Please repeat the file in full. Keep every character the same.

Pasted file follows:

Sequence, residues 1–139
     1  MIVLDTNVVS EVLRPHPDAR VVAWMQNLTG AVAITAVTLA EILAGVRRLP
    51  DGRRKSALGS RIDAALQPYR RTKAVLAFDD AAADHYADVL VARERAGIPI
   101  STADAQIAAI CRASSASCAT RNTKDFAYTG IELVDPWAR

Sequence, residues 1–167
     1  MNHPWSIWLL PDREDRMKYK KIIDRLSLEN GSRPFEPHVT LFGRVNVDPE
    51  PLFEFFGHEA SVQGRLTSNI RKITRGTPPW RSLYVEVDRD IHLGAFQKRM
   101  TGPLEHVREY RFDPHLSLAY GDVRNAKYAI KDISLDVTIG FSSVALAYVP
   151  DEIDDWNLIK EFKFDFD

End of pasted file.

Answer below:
Sequence, residues 1–139
     1  MIVLDTNVVS EVLRPHPDAR VVAWMQNLTG AVAITAVTLA EILAGVRRLP
    51  DGRRKSALGS RIDAALQPYR RTKAVLAFDD AAADHYADVL VARERAGIPI
   101  STADAQIAAI CRASSASCAT RNTKDFAYTG IELVDPWAR

Sequence, residues 1–167
     1  MNHPWSIWLL PDREDRMKYK KIIDRLSLEN GSRPFEPHVT LFGRVNVDPE
    51  PLFEFFGHEA SVQGRLTSNI RKITRGTPPW RSLYVEVDRD IHLGAFQKRM
   101  TGPLEHVREY RFDPHLSLAY GDVRNAKYAI KDISLDVTIG FSSVALAYVP
   151  DEIDDWNLIK EFKFDFD